I write primarily about education technologies on my site Hack Education. I try to focus my energies there; I also freelance. It pays the bills. My writing has appeared in O'Reilly Radar, KQED's MindShift, Inside Higher Ed, School Library Journal, ReadWriteWeb, The Huffington Post, Edutopia, and elsewhere on the Web.
I founded Hack Education several years ago, believing there was a dearth of smart coverage of ed-tech. Hack Education is a mixture of news, analysis, and rants. Sample post: "Codecademy and the Future of (Not) Learning to Code"
I write about technology My writing focuses on education technologies, digital literature and archives, open source technologies, and open data. Sample post: "How the Library of Congress is Building the Twitter Archive."
I've been a blogger on-and-off for the past eight years. Here's the post that started it all: "The personal gets political."
Once upon a time, I wrote academic essays not blog posts. Here's a sampling:
- “Can’t See the Forest for Her Tree" – Activism, Celebrity & Julia ‘Butterfly’ Hill: This article examines the activism and the biography of celebrated treesitter Julia “Butterfly” Hill and compares her performance and her personal narrative to other treesitters and others within the radical environmental movement.
- Defamiliarizing Surveillance: Using Bertolt Brecht's idea of Verfremdungseffekt, this paper analyzes the work of the Surveillance Camera Players, an activist group that challenges the prevalence of surveillance technology by staging public performances in front of cameras.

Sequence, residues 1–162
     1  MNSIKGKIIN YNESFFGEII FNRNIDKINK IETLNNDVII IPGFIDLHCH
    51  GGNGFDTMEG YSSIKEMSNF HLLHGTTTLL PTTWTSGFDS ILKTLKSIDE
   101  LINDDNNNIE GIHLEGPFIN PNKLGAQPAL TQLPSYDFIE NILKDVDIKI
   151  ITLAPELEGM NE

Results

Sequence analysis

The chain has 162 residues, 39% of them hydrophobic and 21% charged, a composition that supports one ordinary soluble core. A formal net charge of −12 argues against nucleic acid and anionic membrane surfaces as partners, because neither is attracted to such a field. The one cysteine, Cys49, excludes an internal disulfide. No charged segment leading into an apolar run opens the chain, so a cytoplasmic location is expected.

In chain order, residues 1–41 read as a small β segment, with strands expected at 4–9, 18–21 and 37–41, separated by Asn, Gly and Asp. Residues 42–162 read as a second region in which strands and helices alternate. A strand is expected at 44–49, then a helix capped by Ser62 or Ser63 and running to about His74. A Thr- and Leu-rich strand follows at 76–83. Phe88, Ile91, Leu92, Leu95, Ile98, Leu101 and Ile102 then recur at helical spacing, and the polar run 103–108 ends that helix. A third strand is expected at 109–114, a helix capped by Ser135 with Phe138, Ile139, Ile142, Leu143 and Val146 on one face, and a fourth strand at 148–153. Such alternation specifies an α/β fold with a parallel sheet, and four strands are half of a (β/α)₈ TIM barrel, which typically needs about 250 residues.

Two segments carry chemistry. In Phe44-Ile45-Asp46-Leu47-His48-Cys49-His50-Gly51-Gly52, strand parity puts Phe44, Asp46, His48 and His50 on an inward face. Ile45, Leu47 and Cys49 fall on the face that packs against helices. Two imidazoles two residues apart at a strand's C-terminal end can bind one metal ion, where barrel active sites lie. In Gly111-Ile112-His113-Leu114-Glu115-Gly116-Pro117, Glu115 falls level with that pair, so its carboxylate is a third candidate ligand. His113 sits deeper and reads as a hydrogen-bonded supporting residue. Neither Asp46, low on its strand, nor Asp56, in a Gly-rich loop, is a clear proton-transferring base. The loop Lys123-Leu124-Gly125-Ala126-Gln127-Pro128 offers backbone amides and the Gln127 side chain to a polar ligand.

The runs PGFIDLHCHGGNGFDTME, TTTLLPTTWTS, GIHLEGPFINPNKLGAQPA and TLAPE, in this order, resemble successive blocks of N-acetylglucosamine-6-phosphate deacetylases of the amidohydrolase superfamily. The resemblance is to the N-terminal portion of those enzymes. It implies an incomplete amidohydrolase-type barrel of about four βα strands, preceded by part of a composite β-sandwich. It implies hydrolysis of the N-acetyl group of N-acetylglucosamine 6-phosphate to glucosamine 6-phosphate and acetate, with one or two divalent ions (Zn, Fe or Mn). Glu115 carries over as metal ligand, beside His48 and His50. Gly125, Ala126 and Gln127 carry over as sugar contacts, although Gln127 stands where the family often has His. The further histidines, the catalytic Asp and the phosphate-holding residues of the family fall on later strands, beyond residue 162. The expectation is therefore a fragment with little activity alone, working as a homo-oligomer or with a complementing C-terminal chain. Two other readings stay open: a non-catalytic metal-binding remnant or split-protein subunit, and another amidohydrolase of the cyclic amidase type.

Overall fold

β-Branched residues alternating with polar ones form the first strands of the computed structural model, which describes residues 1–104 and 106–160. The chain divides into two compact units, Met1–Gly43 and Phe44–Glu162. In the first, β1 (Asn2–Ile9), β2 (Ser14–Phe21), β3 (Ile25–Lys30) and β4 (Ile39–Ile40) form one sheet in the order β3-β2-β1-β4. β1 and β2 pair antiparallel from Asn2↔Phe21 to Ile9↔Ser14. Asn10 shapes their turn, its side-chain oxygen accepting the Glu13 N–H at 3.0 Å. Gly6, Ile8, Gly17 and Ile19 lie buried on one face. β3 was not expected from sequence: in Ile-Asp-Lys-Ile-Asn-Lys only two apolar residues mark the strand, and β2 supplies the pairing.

- Pagans and Pioneers: Celebrating the Summer Solstice in Casper, Wyoming: This essay traces the history of the Summer Solstice celebration at Crimson Dawn on Casper, Wyoming.
- Political Pranks: Performing Anarchist Humor: This essay examines the use of pranks and comedy by some anarchist activists and argues that their "riotous" actions might undermine the prevailing notion of anarchist-as-terrorist.
- "We Can Lick the Upper Crust": Pies as Political Pranks: This essay looks at the history of political pie-throwing and examines the tactic as a political prank, an act meant to invoke laughter and invert power relations.
- “Whose Streets? Our Streets! Whose World? Our World!" — Narratives & Negotiation after the WTO: This article surveys some of the narratives participants returning home from the WTO Protests in Seattle told and examines how these narratives tried to counteract the story that the mainstream media told about the events.
Updated January 2013